Short stories, for example, require a very specific format. Maintain a simple plot by limiting time passing and travel/ movement, and instead focus on description by ensuring you describe every object, person and place. If you want to set a story on a railway platform, then you cannot leave the platform. “But…!” (they all cry out the first time, confused and horrified) No buts. Setting such limitations forces students to think, and they learn to write well. Mine are not the only methods that work, but I know how to get the best out of students if they follow my rules, and my success rate speaks for itself. Saying that, I can’t teach all students. I am not suited to those who lack intelligence, or who do not strive to prove themselves. Not because they cannot be taught, but because I simply do not understand them. Tom, however, is very good at coaxing those who lack drive or academic aptitude into achieving wonderful things… a skill which I am incredibly jealous of!

Lessons with Lisa are going well. Her English needs a lot of work, but she’s smart and wants to improve. Her eight year old sister (‘Emily’) hardly speaks any English at all and is resistant to learning it, so our lessons have been a challenge. She’s slowly coming round though, as she’s realised that she actually has to speak English to communicate with me. Her favourite phrases are ‘come and play’, ‘come and swim’ and ‘look at me!’ I have not taught her these – I’ve been trying to teach her prepositions – but she’s learnt them somehow and uses them a LOT. Rupert’s lessons are taking a fair amount of preparation, as he will be taking A Level Economics from September, so has asked to focus on this. We’re only discussing and analysing newspaper articles, but I’ve discovered that I have an utter dearth of knowledge in this particular field. It’s fascinating though, once you get past the associated boredom.

I never really grasped before that the government and the Bank of England actually control and help the economy. Mark Carney’s decision to restrict interest rates until unemployment rates fall, for example… well, yeah – that makes sense! I’d always assumed that banks were simply run like businesses, always aiming to get as much money out of people as possible. Likewise the government – the more tax people pay the more money the government has to spend on what it thinks it should spend money on, right? Well, it seems there’s a bit more to it than that. All of you who actually understand Economics are rolling your eyes at me right now, I know, but I really never thought about it before! I totally get GDP now as well. Check me. Another obvious one? Well Rupert didn’t know anything about it, and he’s about to take an A Level in this crazy subject!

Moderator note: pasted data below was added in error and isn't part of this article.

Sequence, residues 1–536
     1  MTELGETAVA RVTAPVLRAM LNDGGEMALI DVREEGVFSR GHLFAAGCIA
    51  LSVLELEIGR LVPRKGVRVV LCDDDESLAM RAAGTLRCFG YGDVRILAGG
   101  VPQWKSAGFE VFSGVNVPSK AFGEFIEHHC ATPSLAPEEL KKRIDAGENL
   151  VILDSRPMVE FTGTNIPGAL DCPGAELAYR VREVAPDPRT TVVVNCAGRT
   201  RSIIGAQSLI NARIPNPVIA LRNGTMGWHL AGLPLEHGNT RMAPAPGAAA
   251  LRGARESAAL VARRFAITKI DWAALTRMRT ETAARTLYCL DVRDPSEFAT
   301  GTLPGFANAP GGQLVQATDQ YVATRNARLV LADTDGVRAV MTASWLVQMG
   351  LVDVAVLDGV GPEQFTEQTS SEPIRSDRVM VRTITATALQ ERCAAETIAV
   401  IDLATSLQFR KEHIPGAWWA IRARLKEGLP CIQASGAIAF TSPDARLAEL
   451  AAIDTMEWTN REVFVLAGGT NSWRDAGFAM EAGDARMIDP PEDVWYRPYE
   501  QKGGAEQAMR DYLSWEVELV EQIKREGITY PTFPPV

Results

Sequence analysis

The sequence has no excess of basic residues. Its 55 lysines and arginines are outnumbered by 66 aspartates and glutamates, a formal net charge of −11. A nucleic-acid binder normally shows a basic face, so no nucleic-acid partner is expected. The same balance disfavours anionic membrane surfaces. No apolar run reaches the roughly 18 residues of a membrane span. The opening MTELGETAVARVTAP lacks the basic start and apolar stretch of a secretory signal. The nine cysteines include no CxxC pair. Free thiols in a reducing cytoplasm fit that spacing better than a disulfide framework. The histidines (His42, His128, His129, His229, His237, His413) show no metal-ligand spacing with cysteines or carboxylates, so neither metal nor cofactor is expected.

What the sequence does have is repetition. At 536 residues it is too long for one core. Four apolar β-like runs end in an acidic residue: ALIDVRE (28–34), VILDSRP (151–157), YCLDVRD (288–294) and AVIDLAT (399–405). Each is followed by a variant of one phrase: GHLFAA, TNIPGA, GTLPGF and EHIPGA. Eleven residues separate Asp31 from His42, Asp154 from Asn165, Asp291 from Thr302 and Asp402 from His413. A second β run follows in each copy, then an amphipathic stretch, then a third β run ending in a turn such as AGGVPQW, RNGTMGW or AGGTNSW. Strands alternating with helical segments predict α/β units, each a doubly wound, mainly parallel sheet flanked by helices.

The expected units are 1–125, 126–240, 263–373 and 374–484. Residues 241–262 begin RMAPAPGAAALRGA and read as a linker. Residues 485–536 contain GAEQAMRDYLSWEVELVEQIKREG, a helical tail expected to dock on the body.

I’ll always be drawn to the Arts and Humanities, because the right-hand side of my mind works better than the left; a well-oiled machine rather than a rusty (but not broken!) mangle. I can’t help but be intrigued by the Sciences though, in a voyeuristic fashion. As a teacher, you’re always learning new things.

Does anybody else teach in a school, or tutor privately? What are your favourite methods for enthusing your students?

My afternoon lesson. Who says you can’t teach dogs to talk?

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4 thoughts on “Tuscany Teaching Update: Making Animal Noises and A-Level Economics

  1. As I work with students who struggle to access our narrow/national curriculum it’s interesting for me to read about teaching kids who want/are able to achieve easily – a totally different approach is called for, a completely different set of rules. I tend to throw the rule book out the window and go with whatever works for a particular student. I supported one boy, ADHD, who learned best if he was walking around, so we’d leave the classroom after the first ten minutes of teacher explanation and walk around the playing field to chat about what he’d just heard. This way, he consolidated what he was supposed to be learning, and it kept classroom disruption to a minimum. He managed good pass marks at GCSE.

  2. Pingback: Teaching English on a Private Plane, and Civilised Pirates | Cocktails and Country Tales